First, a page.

Thursday, November 6, 2008

You can tell that the MPC are going to make a decision …

October House Price Index

... 'cos the Halifax have just released their figures for the previous month.

Posted by mark wadsworth @ 10:23 AM (778 views)
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12 thoughts on “You can tell that the MPC are going to make a decision …

  • Unfortunately, through overuse (abuse?) of the “LOWER RATES” lever, the stick has become worn and no longer works.

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  • “We expect a further improvement in the ratio as prices continue to soften. The long-term average is 4.0.”

    In other words, we expect prices to continue crashing. And if the ratio now is 4.92 and they are implying it will return to the long-term average of 4.0, that means another 20% real-terms drop in prices.

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  • From this report :
    3. PRICE/EARNINGS RATIO
    Ratio of the Halifax standardised average price to national average earnings for full-time male employees. Price Earnings ratios revised to reflect new data in the Annual Survey of Hours and Earnings (ASHE)

    So according to this report the avarage house price is £168,176 and this is 4.92 times the avarage wage. So the avarage wage should be £34,182 (£168,176 / 4.92)

    But the ASHE report on the national statistics web site says (in April 2007) the avarage weekly wage for males was £498 = £25,896 per year. See this link http://www.statistics.gov.uk/pdfdir/ashe1107.pdf

    So shouldn’t the price / earnings ratio be 6.49 (£168,176 / £25,896) ?

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  • the way things are going, low car sales, poor high st sales, layoffs, etc i would expect to see average house price to go to less than 100k

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  • And on another point, why are they basing it on the average male wage? We’re not living in the 1950’s are we?

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  • I agree, I have always queried this exact statistic. It never adds up.

    Anyway at the best of times it is a useless statistic, because of the North South divide, this may be the London average salary (still doubt it) and the average house price on the outstkirts of Liverpool.

    They should do a like for like comparison in all areas or boroughs then do an average of the average, if they want a total average.

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  • little professor says:

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  • mark wadsworth says:

    @ wage slave

    using this link to ASHE http://www.statistics.gov.uk/downloads/theme_labour/ASHE_2007/tab1_1a.xls

    there’s a separate tab showing mean full time male wage £606.10 per week (= £31,517 p.a., add on 4% for wage inflation = £32,777, still somewhat shy of the required £34,182!!), the median is indeed £498, but you’d expect the median to be lower than the mean.

    To be fair, you have to compare average (i.e. mean) house price with average (i.e. mean) wage. Comparing the median with median is also fair. Either way, it’s the consistency that matters. I have seen other surveys saying average house price is 9 times earnings, for example, but that series said that ratio was 5 back in the mid-1990s.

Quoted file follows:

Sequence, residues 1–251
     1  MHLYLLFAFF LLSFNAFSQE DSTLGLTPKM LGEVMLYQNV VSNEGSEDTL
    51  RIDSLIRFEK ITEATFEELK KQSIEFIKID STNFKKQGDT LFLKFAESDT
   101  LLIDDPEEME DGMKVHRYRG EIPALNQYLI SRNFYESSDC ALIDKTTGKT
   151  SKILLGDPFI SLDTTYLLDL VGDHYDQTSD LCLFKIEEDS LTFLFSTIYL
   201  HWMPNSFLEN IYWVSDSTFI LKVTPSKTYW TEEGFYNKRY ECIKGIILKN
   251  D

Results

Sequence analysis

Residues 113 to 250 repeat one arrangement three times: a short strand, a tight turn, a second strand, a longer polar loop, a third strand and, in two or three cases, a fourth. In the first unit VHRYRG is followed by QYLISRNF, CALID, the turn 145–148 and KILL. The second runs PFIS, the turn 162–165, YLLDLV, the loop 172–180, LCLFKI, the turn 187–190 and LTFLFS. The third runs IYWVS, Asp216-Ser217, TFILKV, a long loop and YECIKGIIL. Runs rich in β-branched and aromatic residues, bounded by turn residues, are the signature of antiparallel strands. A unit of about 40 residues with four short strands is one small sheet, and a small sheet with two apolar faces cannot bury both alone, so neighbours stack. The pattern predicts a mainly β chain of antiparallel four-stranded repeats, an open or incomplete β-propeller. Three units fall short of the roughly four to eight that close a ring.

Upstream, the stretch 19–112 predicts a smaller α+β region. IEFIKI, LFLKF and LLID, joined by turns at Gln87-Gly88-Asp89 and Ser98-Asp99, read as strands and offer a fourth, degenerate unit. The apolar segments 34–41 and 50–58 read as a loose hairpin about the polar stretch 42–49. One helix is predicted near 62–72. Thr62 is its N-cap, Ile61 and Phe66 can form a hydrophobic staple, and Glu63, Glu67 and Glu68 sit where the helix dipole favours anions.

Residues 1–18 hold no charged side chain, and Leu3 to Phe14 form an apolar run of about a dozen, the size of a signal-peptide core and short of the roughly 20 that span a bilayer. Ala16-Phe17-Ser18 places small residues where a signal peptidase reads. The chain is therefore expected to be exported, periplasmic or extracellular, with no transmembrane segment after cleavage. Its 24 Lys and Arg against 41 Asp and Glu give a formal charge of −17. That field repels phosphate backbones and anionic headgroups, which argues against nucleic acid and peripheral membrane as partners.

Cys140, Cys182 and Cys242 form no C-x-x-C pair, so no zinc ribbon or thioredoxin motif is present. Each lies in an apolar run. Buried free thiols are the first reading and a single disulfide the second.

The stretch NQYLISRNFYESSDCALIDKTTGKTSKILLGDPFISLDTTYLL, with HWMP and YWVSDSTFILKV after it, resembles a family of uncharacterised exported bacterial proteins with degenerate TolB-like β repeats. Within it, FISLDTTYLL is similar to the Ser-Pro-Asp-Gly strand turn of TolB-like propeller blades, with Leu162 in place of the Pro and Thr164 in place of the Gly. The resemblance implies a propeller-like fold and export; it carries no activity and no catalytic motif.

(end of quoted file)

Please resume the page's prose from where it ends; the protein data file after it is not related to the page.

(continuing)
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  • “The UK average house price is 22% higher than five years ago”.

    That’s ok – 20% is the least I’d want off the asking price anyway!

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  • Martin Ellis, the chief weaselwordsmith. Note that prices are not crashing: affordability is increasing. The market is “challenging”, not dreadful.

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  • @mark wadsworth, wage slave: The figure that HBOS use is the mean *annual* salary for male full-time employees, in table 1.7. Well, they say they do: at £33,736, even that doesn’t quite add up. I think they’re averaging a few months’ average house price to get their affordability measure. That suppressed the figure a bit while the market was rising, but now means it’s slower to drop.

    Their insistence of a long-term price/earnings of 4.0 is nonsense, though. I’d like to see that figure if you *exclude* the latest bubble, I think it would be substantially lower. To put it in perspective, the average borrower would have to have a year’s gross salary saved in order to borrow at 3x salary to buy the average house – the top end of what banks would traditionally lend.

    If, however, we’re serious about offering home ownership to the masses, yes, average prices have to be affordable for more than the top 25-30% of male full-time earners (look at the percentiles to see where the mean lies) and the top 10% of all earners (that male average gross salary is a weekly income of £648.77, which is greater than the weekly earnings of the 80th percentile of all earners). On the basis of median weekly earnings (£347.90 annualized to £19.5k) the multiple is now 8.62.

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  • Copied from the earlier BBC post: The unadjusted falls using monthly figures are -14.63% on last October and -15.74% from the peak last August. And as the Halifax press release makes clear, house prices versus earnings have another 20% to fall before they even reach the long-term average P/E, with no doubt further overshoot beyond that, as we saw for several years in the mid-1990s.

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